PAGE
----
Over the coming months, Nature’s Head of Press, Alice Henchley, will be reading and reviewing the books shortlisted for the 2013 Royal Society Winton Prize for Science Books, at a rate of one every week. The winner will be announced at a public event at the Royal Society on the 25th November 2013 during which shortlisted authors will discuss their books with host Dara O Briain. Prior to the announcement, we’re running a competition on Of Schemes and Memes to win a set of the shortlisted books – all you have to do is predict the winning book and enter our prize draw.
It’s a pretty lofty ambition to explain how life goes from the simplest form to the most complex of societies, yet Coen works hard in Cells to Civilisations to get to the heart of the subject. He kicks off by expounding on the principles that he believes can explain the complexity of life: population variation, persistence, reinforcement, competition, cooperation, combinatorial richness and recurrence. Unfortunately, it is here, I regret, that it becomes apparent that this is not my idea of a popular science book. The language is more like that of an undergraduate text and the analogies, which perpetuate throughout the book, seem often to be only tenuously linked to the theories that Coen is trying to describe.
However, as the book continues, I do find some chapters of real interest, and bearing somewhat closer resemblance to the other books on the Royal Society Winton Prize shortlist. Chapter Six, for example, piques my interest as Coen describes how organisms deal with change. This is a fascinating area and Coen chooses some great examples, including the extraordinary Mimosa pudica plant, whose leaves fold quickly together when you touch them, and the sea slug, a beast with particularly large and well-studied neurons that so fascinated Darwin. Chapter Nine also attracts me, as it looks at the way we perceive and understand our world and uses the interesting example of an averaged portrait, made up of 179 portraits, including those by Rembrandt and Modigliani, to do this. Unfortunately, these chapters, which explain the basics of neuroscience, do, to some extent, fall back to the kind of textbook prose that I was less enamoured with.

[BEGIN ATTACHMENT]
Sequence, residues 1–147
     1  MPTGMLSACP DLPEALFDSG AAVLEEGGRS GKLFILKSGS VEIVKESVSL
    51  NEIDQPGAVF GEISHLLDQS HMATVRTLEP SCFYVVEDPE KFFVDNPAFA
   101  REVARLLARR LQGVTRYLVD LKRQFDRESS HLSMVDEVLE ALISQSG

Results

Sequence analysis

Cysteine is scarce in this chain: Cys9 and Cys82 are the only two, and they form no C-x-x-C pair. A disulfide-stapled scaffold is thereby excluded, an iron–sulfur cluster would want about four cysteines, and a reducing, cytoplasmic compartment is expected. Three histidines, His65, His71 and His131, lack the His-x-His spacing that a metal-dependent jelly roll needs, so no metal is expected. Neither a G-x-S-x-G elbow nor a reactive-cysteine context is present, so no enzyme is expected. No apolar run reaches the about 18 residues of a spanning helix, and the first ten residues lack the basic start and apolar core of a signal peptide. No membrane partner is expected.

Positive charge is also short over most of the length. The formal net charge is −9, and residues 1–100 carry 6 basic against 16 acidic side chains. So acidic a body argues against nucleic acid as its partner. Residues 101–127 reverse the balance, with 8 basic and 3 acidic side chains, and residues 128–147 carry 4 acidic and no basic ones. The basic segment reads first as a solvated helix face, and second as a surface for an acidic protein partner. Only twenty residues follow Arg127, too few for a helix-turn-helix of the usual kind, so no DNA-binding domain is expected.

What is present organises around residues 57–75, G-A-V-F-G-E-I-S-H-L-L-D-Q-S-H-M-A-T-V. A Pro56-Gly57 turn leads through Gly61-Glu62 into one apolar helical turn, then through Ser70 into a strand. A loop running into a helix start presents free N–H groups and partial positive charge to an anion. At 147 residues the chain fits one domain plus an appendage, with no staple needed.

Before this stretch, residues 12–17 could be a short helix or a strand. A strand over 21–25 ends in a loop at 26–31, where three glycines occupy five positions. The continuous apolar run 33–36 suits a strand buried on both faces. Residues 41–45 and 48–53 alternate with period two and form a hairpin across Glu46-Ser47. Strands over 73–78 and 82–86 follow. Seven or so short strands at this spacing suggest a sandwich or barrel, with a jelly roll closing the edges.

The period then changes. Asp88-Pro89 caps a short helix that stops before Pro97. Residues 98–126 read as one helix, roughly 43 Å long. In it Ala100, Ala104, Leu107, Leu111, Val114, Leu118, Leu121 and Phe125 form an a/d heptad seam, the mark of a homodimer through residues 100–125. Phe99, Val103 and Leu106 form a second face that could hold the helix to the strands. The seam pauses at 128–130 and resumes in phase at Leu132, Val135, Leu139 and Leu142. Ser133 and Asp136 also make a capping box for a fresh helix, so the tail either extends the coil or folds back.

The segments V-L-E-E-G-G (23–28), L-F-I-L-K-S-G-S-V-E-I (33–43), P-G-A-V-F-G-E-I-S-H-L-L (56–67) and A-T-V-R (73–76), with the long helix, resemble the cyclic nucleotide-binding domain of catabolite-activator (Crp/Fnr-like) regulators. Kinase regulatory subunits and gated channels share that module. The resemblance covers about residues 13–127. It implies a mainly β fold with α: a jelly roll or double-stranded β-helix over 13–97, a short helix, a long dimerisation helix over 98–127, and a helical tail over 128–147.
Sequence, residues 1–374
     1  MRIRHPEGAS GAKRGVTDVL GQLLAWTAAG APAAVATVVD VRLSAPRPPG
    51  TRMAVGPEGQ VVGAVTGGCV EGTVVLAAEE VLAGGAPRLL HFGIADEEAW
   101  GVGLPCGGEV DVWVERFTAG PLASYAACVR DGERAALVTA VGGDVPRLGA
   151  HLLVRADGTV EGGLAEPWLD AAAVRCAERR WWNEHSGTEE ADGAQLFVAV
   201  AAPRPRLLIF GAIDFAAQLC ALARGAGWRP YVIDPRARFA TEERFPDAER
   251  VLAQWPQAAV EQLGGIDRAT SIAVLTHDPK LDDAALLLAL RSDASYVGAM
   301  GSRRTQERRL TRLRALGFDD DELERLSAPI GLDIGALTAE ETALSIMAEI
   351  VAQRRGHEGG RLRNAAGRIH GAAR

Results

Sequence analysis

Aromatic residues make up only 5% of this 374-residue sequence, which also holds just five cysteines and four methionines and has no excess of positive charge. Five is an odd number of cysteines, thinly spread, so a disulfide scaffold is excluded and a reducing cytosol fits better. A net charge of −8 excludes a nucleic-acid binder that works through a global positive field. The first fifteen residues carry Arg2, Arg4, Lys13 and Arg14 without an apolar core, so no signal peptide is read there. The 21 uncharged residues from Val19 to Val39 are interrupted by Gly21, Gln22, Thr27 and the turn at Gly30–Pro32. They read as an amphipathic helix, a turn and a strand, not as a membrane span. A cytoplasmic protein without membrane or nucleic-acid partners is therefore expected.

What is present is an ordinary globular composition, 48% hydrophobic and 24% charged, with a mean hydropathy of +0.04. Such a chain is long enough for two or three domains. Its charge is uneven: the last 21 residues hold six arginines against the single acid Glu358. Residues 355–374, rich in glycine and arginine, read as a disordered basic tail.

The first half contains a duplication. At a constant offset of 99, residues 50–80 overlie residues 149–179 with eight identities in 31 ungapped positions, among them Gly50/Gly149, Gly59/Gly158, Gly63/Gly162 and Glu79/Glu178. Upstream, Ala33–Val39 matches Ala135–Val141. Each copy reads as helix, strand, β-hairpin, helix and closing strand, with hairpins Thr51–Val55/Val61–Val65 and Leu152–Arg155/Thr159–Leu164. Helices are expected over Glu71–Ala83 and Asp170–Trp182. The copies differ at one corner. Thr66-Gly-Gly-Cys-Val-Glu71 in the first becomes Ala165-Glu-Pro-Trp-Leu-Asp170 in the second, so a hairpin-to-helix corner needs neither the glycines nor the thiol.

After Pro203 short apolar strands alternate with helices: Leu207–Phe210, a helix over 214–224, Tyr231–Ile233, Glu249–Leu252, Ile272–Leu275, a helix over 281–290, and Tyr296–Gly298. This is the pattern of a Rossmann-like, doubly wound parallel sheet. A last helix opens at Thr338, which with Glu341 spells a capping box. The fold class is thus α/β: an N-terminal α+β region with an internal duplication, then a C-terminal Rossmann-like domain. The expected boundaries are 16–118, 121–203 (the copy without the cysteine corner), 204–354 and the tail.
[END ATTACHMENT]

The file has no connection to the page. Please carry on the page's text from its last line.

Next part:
Coen is obviously a fan of art history and decided on a promising plan to find analogies between the arts and sciences. The book is peppered with descriptions of artists’ techniques and practices. Some of these are charmingly described, such as the tale of Cézanne’s style of painting in the second chapter. The illustrations, including some truly lovely plates of Carpaccio, Pollaiuolo, Renoir and Cézanne (clearly a favourite), along with the numerous diagrams and other illustrations, do really help the reader to understand and appreciate the points Coen is making and, in general I enjoyed these sojourns away from science.
As a theory to explain the complexity of life and as an entertaining read-for-enjoyment, I ultimately found this book to be slightly lacking. However, as an undergraduate text to explain some interesting biological concepts, it’s an excellent choice. One for the first-year biologists out there.
Alice Henchley has been Head of Press at Nature since the start of 2013. Prior to that she worked at the Royal Society and the Zoological Society of London, communicating everything from population policy to conservation of the world’s most extraordinary animals.